MinervaBMJ 2007; 335 doi: https://doi.org/10.1136/bmj.39332.450845.471 (Published 13 September 2007) Cite this as: BMJ 2007;335:570
The first time a doctor or medical student watches a patient go from being fully alert and talking to apnoeic and pulseless in a matter of minutes, the event is likely to stay with them for the rest of their life. Two accounts of such experiences by junior doctors are movingly described in Academic Emergency Medicine (2007;14:825-6 doi: 10.1197/j.aem.2007.03.1352). Sometimes this may happen in the middle of nowhere, where medical facilities and resources are scarce—but it can also happen in a centre of excellence where, despite everything that is available to save lives, a life is lost.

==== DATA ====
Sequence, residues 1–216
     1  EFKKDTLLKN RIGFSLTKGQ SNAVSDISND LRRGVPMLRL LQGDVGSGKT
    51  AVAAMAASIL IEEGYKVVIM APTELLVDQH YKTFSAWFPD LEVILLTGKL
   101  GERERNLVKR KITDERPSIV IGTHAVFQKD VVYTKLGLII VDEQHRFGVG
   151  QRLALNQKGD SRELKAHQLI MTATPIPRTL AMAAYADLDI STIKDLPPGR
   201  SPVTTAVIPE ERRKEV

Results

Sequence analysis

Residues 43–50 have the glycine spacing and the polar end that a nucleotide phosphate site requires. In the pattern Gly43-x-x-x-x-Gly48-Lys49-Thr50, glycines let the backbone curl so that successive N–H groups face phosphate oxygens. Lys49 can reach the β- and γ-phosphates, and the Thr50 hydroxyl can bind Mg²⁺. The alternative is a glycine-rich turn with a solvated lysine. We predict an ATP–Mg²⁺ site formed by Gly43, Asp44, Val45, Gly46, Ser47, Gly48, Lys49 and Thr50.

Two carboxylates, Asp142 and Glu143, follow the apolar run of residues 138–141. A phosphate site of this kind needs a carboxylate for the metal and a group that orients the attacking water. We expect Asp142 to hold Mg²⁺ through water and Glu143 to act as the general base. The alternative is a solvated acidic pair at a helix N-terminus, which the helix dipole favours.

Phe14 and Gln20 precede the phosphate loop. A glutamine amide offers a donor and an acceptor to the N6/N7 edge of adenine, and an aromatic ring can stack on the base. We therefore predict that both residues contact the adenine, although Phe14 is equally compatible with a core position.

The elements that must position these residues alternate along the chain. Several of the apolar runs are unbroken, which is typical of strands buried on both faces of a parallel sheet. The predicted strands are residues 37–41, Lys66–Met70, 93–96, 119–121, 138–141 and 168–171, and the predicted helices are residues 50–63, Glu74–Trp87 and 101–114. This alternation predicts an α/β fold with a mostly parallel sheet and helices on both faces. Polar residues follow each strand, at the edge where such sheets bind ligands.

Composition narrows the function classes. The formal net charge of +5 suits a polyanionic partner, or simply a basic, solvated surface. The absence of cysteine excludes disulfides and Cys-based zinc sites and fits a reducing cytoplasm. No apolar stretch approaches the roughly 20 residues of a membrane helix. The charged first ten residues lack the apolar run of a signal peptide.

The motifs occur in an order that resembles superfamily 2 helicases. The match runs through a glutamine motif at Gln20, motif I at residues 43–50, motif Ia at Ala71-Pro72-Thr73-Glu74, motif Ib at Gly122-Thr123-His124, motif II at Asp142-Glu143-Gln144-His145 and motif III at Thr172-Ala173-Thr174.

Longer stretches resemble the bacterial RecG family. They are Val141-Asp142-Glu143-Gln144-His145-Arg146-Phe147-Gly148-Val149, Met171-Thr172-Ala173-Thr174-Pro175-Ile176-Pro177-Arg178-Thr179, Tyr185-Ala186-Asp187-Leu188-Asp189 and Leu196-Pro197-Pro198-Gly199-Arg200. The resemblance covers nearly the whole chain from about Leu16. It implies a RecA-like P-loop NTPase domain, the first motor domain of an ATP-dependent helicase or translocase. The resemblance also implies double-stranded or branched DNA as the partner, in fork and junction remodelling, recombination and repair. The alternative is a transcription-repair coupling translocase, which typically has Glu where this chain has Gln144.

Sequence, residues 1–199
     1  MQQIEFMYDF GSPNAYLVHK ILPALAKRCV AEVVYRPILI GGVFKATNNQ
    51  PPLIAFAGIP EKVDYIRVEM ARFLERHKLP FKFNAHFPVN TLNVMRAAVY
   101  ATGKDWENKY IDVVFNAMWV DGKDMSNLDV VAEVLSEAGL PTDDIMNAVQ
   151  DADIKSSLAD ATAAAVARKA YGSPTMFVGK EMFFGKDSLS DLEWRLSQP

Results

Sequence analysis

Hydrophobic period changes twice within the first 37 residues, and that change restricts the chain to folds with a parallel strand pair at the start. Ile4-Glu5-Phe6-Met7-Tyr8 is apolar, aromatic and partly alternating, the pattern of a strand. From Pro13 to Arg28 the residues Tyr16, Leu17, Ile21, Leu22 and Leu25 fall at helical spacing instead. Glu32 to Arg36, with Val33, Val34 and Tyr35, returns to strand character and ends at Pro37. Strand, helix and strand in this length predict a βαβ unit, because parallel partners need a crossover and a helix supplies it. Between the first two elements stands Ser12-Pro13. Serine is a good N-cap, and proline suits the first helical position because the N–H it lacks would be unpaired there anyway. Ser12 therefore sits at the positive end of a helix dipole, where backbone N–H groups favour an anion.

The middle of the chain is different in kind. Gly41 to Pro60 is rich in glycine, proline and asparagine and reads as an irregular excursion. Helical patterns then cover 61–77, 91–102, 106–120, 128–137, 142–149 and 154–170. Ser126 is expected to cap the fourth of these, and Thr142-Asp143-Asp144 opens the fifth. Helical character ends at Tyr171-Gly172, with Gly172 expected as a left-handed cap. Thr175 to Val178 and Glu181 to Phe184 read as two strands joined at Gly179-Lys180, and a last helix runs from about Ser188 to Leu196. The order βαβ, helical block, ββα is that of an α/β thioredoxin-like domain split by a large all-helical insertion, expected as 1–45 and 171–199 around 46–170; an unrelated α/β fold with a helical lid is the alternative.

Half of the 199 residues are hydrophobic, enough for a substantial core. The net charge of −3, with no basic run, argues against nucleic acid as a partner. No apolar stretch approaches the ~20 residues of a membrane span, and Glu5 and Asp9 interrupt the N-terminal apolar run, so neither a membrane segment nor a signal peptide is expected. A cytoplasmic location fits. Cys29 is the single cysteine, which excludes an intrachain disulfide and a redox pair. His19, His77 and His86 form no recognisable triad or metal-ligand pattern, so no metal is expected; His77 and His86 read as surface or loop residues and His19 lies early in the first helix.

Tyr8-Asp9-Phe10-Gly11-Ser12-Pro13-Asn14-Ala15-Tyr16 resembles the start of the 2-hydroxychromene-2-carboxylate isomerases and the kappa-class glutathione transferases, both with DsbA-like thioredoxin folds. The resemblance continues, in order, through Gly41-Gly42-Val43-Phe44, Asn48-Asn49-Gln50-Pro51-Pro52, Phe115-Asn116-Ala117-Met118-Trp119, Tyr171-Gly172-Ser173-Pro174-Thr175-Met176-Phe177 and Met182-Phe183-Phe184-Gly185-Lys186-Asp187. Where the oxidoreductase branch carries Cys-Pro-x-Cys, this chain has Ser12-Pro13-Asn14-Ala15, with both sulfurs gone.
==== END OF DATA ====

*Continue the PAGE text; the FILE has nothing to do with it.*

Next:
Most vaccines act by neutralising viral antibodies, thereby reducing viral entry into target cells. Monkey models have shown that this protects against HIV. New animal research shows this protective effect comes not just …
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